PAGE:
Paul’s usual word is peripateō (to walk; cf. Eph. 4:1; Col. 1:10; 1 Thess. 1:12). In these passages, Paul exhorted the churches to walk worthy of their calling. Here, Paul used one of the Philippians’ favorite words with a similar meaning to demonstrate that their heavenly citizenship was greater than their Roman citizenship and they followed a greater emperor than Caesar. Paul focused on this in 2:5-11. Jesus is Lord and every knee will bow and every tongue will confess this truth. Because they follow the emperor Jesus, they are to live lives worthy of His accomplished work (the gospel). The gospel about Christ is the good news that He lived a sinless life, offered His life on the cross to pay for our sins, was buried, and rose again physically from the grave and is alive forevermore, seated on the right hand of God the Father in heaven until the time comes for Him to return to set up His earthly reign. Living worthy of the gospel is a lifelong response to all that God has done in our lives through the gospel.
In the remainder of this section, Paul instructed the church how to live worthy of the gospel. The truth this passage communicates is that believers are to live daily for the glory of God. There are two ways that believers can live worthy of the gospel.
First, we can live worthy of the gospel through firmly committed to the advance of the gospel. Paul was confident that whether he was physically present or only heard about them, they would obey his directives. We should live each day recognizing that we are in God’s presence and that one day we will give an account of our lives to Him. Whether the pastor or a godly friend is with us or not, we are to live worthy of the gospel. Paul’s command is to stand fast together. The word “stand fast” (Gr. stēkete) is a present tense verb that means “to be firmly committed in conviction or belief” (BAGD). Paul frequently uses this word (Rom. 14:4; 1 Cor. 16:13; 1 Thess. 3:8; 2 Thess. 2:15; Gal. 5:1; and Phil. 4:1) for firm conviction. Believers are not to waiver in their beliefs and trust in Christ (cf. Eph. 4:13-15) but to be firmly rooted in Christ (Col. 2:6-7). How are we to stand? We are to be firmly committed in one spirit and one mind. The emphasis here is not on individual firmness, but firmly committed as a church. In a church with many people, there can be many opinions and many desires. Paul’s exhortation is that the church in Philippi come together and be firmly committed together.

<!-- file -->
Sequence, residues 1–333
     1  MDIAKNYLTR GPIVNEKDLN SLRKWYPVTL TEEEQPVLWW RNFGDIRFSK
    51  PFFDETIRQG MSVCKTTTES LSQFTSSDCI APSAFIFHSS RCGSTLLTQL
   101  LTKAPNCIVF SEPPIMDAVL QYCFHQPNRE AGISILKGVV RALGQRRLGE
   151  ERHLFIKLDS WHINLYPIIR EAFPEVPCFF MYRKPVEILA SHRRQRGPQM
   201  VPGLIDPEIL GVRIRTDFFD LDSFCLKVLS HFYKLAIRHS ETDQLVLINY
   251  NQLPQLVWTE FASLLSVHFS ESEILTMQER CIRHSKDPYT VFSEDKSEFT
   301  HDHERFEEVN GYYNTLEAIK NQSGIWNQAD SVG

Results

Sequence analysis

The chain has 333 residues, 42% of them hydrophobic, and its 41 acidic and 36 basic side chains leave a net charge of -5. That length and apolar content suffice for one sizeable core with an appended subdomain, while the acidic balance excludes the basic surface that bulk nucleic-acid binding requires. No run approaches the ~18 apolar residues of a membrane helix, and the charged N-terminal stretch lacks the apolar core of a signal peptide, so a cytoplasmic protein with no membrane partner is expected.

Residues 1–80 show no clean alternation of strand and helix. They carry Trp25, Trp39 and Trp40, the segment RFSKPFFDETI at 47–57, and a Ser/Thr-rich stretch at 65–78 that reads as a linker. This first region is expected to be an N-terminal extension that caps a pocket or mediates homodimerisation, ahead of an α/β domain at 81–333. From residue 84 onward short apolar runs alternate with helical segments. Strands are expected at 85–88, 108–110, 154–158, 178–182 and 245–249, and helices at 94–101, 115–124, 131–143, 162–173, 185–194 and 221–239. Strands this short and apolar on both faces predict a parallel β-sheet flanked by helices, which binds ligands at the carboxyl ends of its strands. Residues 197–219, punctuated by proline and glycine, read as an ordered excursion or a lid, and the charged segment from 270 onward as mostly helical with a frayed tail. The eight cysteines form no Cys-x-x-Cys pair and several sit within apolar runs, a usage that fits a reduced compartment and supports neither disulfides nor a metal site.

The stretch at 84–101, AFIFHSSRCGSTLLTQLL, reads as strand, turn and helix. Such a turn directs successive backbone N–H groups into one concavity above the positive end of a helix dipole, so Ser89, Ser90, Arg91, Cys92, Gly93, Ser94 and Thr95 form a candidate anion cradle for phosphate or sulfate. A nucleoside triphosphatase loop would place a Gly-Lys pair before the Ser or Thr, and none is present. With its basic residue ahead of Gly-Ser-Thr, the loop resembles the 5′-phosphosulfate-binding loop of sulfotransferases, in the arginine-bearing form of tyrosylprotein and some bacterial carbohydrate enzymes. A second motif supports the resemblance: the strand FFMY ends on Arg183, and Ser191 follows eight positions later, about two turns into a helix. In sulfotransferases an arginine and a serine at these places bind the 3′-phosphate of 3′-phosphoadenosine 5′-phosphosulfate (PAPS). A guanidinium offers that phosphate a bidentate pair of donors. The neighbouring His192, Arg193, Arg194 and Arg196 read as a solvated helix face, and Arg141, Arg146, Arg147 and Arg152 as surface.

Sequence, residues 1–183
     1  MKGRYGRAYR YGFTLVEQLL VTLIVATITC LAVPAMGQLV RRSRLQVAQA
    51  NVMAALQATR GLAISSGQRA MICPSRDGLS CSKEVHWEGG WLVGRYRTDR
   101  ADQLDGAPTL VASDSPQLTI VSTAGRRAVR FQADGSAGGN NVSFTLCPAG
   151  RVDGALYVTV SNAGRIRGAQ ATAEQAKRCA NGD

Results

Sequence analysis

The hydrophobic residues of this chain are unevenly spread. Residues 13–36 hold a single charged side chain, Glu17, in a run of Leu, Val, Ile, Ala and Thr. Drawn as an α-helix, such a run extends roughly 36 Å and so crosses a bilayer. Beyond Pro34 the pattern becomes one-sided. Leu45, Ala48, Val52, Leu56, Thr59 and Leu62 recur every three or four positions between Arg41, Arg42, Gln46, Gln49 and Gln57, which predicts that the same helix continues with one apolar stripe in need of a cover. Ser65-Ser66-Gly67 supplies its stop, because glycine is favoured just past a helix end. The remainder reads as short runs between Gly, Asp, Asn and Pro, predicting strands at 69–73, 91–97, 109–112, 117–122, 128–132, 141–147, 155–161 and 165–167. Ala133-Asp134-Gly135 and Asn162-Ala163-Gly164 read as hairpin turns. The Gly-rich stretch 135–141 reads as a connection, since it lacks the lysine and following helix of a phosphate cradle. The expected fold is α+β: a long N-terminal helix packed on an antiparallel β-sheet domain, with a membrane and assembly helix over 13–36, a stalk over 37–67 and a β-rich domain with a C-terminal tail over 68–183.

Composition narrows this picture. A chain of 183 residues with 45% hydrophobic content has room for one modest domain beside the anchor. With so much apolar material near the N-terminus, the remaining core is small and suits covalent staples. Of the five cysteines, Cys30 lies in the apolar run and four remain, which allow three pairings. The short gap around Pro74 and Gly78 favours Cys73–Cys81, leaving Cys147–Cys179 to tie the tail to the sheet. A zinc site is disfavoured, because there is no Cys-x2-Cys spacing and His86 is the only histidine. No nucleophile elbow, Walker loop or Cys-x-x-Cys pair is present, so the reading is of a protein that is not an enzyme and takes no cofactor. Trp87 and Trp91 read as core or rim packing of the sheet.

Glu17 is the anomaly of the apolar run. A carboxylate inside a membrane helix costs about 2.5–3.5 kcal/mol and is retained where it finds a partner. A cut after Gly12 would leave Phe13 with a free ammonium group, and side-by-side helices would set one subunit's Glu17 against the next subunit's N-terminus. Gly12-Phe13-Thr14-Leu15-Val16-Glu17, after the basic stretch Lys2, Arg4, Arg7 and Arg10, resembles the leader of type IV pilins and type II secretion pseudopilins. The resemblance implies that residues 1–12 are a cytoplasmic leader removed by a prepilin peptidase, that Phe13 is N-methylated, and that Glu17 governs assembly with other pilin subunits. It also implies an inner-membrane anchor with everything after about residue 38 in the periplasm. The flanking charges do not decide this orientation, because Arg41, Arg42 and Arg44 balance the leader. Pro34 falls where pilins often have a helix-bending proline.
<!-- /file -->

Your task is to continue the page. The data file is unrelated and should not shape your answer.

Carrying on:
The implication is that the church was not meeting this expectation. In 4:2-3, we discover that there was disunity due to disagreements. Chapter 3:1-11 implies that there were some doctrinal differences. The church in Philippi then was divided. Many churches today are divided. If churches focus solely on the Sunday service, members become consumers rather than participants. Here, Paul exhorts them to strive “side by side for the faith of the gospel.” The word “striving” (Gr. sunathleō) is used only here and in 4:3. The root word athleō was used of gladiators fighting in the arena. Paul pictured the Philippian church in the arena of the world fighting together for the advance of the gospel. They would not survive without standing side by side.
Second, we can live worthy of the gospel by not being intimidated by opponents of the gospel. God has given us a spirit of power and of love (2 Tim. 1:7). Responding with humble confidence in God is a sign of destruction for the persecutors. But for believers, the Holy Spirit gives power for witness (Acts 1:8) and this confidence is also a sign of God’s future deliverance. God delivers His faithful servants. God has not only given salvation as a gift to believers but also suffering as a gift. Paul was no stranger to suffering as the suffering he endured while with them (Acts 16) was the same suffering that he was currently undergoing. He was in prison while in Philippi and now he is in prison again. He faced opposition from pagans in Philippi and now again in Rome.
Thus, Paul exhorts the Philippian church to live worthily of the gospel by standing firm in the Lord in the face of persecution. The same is true for believers today. Believers are to live worthily of the gospel by standing firm in the Lord in the face of persecution.
© 2017 Dr. David Nelson ALL RIGHTS RESERVED